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Discharging Airbag capacitors

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  • Discharging Airbag capacitors

    Has anyone heard of discharging an airbag capacitor by touching a batteries + & - cables together?
    Has any department tried it and if so what precautions did you take.

  • #2
    If you are talking about jumping both terminals with a cable in an attempt to kill the power to the airbag capacitors...that would cause a spark...we have enough problems to deal with than have another source of ignition!

    ------------------
    Take care and be safe...Lt. Gonzo

    [This message has been edited by Lieutenant Gonzo (edited January 21, 2000).]

    Comment


    • #3
      A Posting from Forum Moderator Ron Moore -

      Guys:

      There is some basis in truth for the comment about touching battery cables together. I researched this topic and found that this procedure is currently printed in the Maryland State Fire Training course on extrication. The problem is, it is WRONG!

      Here's the story. If you encountered a 1989, 1990 or 1991 Ford with a driver only airbag that is "loaded", due to the primitive design of the airbag system, you CAN drain the capacitor by unhooking both the negative and the hot cable from the battery and touching those two cable ends together. Ford reports that for the small number of vehicles made ten years ago, it did work.

      Why this procedure is wrong today is that Ford changed their system. All airbag capacitors on Fords since 1991 model year and for that matter, all other manufacturer's electrical airbag systems CANNOT be drained by doing this.

      Vehicle Electrical Shutdown Tactical Procedures-

      I. Inside rescuer/EMS responder-
      o once access is gained to passenger compartment, determine need for operation of any electrically-powered features of the vehicle and activate features as deemed appropriate
      -unlock all doors with electric door lock switch
      -lower door window glass with electrically-powered window switch(s)
      -move electrically-powered seats as necessary
      -unlock and release inside trunk release latch with electrically-powered button

      o turn ignition switch of vehicle to 'off' position if possible

      o operate inside hood release mechanism to release hood latch


      II. Outside fire/safety personnel-
      o position portable dry chemical fire extinguisher ( or equivalent) at front corner of vehicle

      o assess condition of bumper and front of vehicle and approach if safe to do so. ( If unsafe to work at front of vehicle, move personnel to side fenderwell area to access engine compartment)

      o release outside hood safety latch and open hood (If hood is jammed, forcibly open hood at latch or hinge assembly)

      o bend one hood hinge 90 degrees to maintain hood in up/open position

      o determine location of single or multiple batteries (If battery is not located in the engine compartment, determine alternate location and gain access to battery)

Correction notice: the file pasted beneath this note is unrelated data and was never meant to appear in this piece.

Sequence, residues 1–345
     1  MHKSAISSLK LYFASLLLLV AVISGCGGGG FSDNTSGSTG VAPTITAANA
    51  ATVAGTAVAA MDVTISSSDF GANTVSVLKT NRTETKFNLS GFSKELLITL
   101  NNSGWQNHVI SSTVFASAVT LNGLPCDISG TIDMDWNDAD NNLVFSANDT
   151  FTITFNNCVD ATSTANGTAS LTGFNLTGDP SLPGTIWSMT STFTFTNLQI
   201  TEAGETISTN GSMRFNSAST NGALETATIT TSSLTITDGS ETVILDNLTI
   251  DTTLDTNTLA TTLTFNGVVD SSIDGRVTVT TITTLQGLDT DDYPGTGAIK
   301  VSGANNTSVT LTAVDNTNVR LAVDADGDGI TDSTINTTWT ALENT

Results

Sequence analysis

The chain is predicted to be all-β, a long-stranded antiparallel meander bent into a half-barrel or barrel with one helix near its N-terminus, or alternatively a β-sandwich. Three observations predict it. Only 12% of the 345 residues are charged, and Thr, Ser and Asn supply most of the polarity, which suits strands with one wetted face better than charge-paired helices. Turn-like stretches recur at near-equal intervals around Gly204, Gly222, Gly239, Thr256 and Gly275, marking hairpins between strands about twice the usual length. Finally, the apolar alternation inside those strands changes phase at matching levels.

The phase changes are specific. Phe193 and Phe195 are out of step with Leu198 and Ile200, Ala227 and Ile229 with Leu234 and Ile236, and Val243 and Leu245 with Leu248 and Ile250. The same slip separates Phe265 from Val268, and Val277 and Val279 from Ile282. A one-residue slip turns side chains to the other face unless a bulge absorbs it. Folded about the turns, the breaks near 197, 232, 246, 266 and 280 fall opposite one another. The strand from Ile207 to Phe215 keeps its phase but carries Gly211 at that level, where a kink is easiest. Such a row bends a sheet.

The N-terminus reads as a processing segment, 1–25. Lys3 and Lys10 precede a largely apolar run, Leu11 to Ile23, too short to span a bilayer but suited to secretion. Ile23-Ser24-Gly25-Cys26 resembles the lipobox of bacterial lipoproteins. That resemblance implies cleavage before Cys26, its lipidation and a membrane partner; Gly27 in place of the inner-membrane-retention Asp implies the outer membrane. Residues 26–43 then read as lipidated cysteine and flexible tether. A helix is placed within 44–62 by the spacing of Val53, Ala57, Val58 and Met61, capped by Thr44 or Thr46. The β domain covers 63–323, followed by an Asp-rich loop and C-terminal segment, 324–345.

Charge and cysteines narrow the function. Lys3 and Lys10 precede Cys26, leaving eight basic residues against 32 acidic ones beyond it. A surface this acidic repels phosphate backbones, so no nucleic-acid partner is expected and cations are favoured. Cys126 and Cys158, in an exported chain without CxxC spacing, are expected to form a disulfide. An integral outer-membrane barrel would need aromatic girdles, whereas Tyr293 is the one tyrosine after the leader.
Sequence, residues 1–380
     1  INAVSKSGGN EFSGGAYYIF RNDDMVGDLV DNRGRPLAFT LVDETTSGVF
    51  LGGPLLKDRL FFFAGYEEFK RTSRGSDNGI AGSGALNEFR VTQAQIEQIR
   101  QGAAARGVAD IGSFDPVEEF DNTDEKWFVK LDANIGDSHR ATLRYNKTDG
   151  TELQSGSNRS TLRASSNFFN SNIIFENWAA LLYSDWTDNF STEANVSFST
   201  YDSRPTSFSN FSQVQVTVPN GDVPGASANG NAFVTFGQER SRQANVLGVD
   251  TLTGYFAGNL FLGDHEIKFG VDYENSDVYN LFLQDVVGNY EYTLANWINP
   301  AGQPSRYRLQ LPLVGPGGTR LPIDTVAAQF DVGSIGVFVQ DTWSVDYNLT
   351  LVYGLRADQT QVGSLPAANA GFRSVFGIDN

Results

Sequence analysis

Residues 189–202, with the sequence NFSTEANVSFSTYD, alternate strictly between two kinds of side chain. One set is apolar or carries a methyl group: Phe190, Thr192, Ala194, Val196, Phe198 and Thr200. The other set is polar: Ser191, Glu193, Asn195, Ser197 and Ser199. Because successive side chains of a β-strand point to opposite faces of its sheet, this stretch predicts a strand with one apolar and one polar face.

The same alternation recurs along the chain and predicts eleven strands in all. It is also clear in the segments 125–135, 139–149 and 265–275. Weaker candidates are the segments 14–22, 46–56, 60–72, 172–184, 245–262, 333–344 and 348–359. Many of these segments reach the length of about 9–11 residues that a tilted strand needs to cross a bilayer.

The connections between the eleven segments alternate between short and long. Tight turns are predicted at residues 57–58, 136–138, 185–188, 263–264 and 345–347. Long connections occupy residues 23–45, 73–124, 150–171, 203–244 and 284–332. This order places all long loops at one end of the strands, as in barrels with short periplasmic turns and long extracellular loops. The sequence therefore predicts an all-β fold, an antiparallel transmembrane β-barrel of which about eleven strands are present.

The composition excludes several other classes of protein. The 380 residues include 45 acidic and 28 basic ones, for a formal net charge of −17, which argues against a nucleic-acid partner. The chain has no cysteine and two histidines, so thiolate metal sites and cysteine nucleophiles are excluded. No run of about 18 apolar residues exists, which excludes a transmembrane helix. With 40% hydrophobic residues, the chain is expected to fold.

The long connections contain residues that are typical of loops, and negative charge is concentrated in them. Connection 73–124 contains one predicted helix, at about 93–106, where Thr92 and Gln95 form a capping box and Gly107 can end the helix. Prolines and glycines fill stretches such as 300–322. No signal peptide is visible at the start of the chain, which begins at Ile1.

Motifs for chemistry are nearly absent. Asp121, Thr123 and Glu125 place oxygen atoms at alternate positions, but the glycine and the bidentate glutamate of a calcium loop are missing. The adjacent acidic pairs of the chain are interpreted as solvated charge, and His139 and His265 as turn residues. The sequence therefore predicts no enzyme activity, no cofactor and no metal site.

o initiate hazard control activities if physical damage to battery has caused safety concern ( acid/fluid spill, fumes, open arc/sparks, fire)

      o contact inside rescuer/EMS to coordinate timing of electrical system shutdown

      III. Shutting down power at battery
      o cut negative battery cable(s) first using care not to touch any metal part of the chassis with the cable or your tools, thus minimizing risk of creating a spark

      o cut each ground cable a second time to remove a minimum 2 inch section
      ( if unbolting ground cables at battery terminal, fold cable and clamp onto itself and securely wrap with insulating tape to protect bare cable clamps from establishing a ground)

      o check that all negative grounding cables have been disconnected from the battery

      o assess if there is any evidence that power from the battery is still running any part of the electrical system of the vehicle

      o cut positive battery cable(s), also cutting each 'hot' cable a second time to remove a minimum 2 inch section

      o check the electrical system again to make sure it is not receiving power.

      o if electrical system remains energized after this action, determine location of additional batteries and repeat shutdown tactics for second battery.


      Comment


      • #4
        My dept had some discusiion on this a while back. A few people seemed to think it was the proper thing to do. I have a friend who installs high end car stereos (using multiple high capacity capacitors) and he advised that shorting the + and - cables together on a car with theses capacitors would result in a rather large spark. These capacitors are usually in the trunk out of site so you wouldn't know they were there.
        I personaly never short the cables, but there are others who do. Your better off using a restraint system.

        ------------------
        David Brooks, Firefighter, D/O, 1st Resp.
        Newmarket Fire & Rescue
        Newmarket, New Hampshire
        http://www.NewmarketNH.com/Fire

        Comment

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